I enjoy celebrating Christmas even though I’m not religious. I enjoy spending time with my family, exchanging gifts, eating good food, seeing all the lights everywhere, decorating the Christmas tree, and all the different traditions that go around it. But you also find that different family groups have their own traditions and practices. For some families, religion is the central piece of the celebration and so there are carol services and nativity events, mangers and midnight mass. For others, religion doesn’t play a part in it and the traditions are centred around family and friends.
We have a few traditions in my family. Like meeting up to go and look at the wildlife photography exhibit in the Natural History Museum. Various aunts, uncles, cousins, partners of cousins, and so on all meet up to have a look at the photos and then go out for a nice meal. This isn’t something you would find in any summary of the Christmas traditions, but it’s something we’ve done for a few years now and so it’s become part of our tradition.
We have other things, like a trip to the cinema on Christmas Eve with my parents, and a hamper that we all contribute too. This isn’t a fancy hamper packaged up by a shop, but a box that we all fill with special treat foods, things that we don’t get very often, or things that just seemed different and fun. Sometimes things in the hamper are specifically intended for one person (like the crystallised ginger my mum loves) but other things are intended for all of us (like a shared chocolate orange).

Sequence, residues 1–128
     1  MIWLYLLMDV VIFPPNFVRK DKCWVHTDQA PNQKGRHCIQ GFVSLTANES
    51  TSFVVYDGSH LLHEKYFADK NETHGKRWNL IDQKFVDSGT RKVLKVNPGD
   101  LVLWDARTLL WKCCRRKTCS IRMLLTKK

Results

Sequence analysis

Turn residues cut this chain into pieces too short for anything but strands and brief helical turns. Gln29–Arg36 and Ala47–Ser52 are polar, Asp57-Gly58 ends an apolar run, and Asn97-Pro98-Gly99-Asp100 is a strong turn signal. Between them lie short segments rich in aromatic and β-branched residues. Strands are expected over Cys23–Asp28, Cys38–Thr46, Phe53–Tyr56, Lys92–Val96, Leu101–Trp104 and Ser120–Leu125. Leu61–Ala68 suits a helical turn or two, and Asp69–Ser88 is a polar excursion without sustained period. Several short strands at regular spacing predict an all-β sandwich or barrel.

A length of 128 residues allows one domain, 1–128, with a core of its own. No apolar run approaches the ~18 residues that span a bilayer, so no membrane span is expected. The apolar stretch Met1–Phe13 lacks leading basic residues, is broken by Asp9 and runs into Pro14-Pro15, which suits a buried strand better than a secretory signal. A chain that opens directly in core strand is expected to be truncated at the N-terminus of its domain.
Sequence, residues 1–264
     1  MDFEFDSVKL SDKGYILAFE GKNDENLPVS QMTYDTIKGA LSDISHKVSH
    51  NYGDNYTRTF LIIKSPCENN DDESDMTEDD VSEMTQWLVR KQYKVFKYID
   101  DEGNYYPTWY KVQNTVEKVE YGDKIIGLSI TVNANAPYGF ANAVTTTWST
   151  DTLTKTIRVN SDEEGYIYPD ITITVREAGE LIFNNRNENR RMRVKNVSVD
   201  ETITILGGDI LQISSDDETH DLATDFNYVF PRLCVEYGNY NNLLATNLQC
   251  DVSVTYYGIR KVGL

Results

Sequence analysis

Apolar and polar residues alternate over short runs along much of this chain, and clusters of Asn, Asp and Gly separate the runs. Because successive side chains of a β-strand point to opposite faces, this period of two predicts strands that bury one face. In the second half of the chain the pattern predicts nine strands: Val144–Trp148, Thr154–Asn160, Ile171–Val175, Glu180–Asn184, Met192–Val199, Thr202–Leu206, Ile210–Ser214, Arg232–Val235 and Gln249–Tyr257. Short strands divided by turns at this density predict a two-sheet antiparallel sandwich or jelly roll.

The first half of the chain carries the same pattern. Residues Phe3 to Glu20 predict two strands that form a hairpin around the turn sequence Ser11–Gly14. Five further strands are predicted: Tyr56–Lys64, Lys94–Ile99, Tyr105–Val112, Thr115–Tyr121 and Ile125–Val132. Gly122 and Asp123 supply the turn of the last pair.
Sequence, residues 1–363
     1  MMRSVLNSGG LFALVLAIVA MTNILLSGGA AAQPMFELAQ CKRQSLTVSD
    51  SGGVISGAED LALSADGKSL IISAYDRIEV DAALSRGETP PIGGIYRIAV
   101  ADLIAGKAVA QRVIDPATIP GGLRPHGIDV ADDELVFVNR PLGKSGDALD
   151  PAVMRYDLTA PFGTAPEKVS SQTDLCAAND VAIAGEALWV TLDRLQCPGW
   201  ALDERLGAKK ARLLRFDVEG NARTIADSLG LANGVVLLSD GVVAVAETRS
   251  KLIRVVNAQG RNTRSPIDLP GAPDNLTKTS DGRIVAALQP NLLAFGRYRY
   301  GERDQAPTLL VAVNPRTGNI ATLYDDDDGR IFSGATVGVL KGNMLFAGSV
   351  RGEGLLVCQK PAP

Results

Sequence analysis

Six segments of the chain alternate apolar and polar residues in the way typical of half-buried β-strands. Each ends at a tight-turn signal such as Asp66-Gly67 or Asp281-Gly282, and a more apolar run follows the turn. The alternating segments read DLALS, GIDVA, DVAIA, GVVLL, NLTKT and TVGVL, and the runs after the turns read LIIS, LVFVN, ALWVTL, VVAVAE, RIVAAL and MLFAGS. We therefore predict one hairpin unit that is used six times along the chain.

So why am I talking about this on a writing blog?
I think when world-building, it’s tempting to make everything too homogenised. All the people in this area follow the same religion and practice the same traditions in the same way. In the real world, it doesn’t work that way. Everyone has their own subtle takes on the standard. Even in the same region, culture, and religion, you will find variations. It’s worth including that in your stories, and especially tying it into other factors. The differences around a shared experience can be a great way of highlighting other differences between characters or showcasing their backgrounds or even bringing in moments of conflict and character development.
Perhaps one character makes a big deal about the shared meal because they used to go hungry a lot when they were younger, and having lots of good food is a reminder to themselves that those days are over. Perhaps one character follows an older set of traditions because of a religious upbringing. Perhaps one character feels that they have to shower everyone with gifts while another feels uncomfortable receiving so much and ashamed because their own gifts are small. Perhaps that could be a cause for resentment between those characters.
I enjoy creating traditions, rituals, and celebrations in my world building, but it can be fun to think about all the different takes people might have on these same traditions, and the ways that they might add to them based on their situation or character. Next time you’re inventing some big holiday in your world, consider each of your characters and imagine how each of them might treat this holiday a little differently.